An estimated 41 million people have been cured of tuberculosis (TB) over the past 15 years through a treatment strategy recommended by the United Nations health agency, according to a new report, but success remains fragile and governments must strengthen their determination to combat the disease.
“With 1.7 million people dying from tuberculosis last year – including 380,000 women, many of whom were young mothers – these successes are far too fragile,” said Mario Raviglione, Director of the UN World Health Organization (WHO) Stop TB Department, launching the agency’s global report on the disease.
“Commitments are being short-changed. If governments are genuinely committed to stopping TB, they must seize all the opportunities that are available right now and all the opportunities that may come in the near future,” Mr. Raviglione said.
The WHO recommended “Directly Observed Treatment Short-course (DOTS)” TB control regime has been recognized as a highly efficient and cost-effective strategy against the disease.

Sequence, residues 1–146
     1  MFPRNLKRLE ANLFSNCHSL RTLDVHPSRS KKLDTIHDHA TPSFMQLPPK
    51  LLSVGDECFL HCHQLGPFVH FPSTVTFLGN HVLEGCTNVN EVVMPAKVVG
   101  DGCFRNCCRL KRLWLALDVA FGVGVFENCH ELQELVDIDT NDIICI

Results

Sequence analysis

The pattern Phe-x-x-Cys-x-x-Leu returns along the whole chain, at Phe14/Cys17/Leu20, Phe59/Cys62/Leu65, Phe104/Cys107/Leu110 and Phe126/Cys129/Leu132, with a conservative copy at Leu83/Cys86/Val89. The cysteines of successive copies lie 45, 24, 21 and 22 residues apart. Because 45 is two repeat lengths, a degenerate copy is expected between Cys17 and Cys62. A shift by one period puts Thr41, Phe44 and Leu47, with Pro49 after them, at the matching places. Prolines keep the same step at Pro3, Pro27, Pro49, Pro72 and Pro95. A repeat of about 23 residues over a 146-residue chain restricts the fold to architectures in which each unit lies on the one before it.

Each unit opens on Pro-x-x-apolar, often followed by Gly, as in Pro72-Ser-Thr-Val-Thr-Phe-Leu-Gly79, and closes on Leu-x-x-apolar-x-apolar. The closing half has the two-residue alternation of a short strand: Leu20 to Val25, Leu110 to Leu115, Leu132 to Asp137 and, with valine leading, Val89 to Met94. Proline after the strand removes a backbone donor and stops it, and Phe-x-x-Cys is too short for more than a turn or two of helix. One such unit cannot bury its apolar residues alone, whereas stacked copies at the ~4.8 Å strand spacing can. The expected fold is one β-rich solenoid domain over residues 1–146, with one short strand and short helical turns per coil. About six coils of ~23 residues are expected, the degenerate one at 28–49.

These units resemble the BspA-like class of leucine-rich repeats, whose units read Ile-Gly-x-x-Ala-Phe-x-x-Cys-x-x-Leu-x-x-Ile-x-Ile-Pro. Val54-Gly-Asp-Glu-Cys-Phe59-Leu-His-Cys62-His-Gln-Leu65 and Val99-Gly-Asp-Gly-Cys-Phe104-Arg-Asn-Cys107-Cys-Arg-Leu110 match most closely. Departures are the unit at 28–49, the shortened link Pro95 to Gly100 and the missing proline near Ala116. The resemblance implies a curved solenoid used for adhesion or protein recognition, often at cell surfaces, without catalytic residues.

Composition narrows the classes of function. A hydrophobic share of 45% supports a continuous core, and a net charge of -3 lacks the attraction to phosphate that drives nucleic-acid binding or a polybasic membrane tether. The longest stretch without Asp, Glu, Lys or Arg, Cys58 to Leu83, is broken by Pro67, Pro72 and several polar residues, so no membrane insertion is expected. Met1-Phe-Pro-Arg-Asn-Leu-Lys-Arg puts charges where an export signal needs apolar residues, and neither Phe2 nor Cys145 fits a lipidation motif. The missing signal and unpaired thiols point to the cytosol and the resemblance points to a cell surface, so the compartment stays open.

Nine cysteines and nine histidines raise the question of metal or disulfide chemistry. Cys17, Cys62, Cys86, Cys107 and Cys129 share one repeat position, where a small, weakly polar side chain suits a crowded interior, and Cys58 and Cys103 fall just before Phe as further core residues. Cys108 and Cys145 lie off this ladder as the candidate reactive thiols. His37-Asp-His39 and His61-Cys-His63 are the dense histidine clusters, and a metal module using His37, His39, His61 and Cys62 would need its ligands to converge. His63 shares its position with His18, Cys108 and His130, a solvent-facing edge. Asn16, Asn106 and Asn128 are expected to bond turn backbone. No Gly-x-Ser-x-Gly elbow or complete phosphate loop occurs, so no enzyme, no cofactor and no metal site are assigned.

The strategy has five elements ¬– political commitment, microscopy services, drug availability, surveillance and monitoring systems, and the use of highly effective medicines with direct supervision of treatment. Once patients with infectious TB have been identified, health and community workers and trained volunteers observe and record patients taking the full course of the correct dosage of anti-TB medicines. The treatment lasts six to eight months.
“The findings of the Global Tuberculosis Control 2010 publication confirm that when WHO’s best practices are put in place, and with the right amount of funding and commitments from governments, we can turn the tide on the TB epidemic,” said Mr. Raviglione.
“Since 1995, we have seen considerable improvements in the quality of TB care, and these improvements are having a positive impact in some of the world's poorest countries,” he added.
According to the WHO report, the most comprehensive on ever produced on TB, there has been a 35 per cent drop in the rate of deaths caused by the disease since 1990.
Tuberculosis incidence rates are falling globally and in five of WHO’s six regions, with the exception of South-East Asia where the incidence rate is stable, according to the report.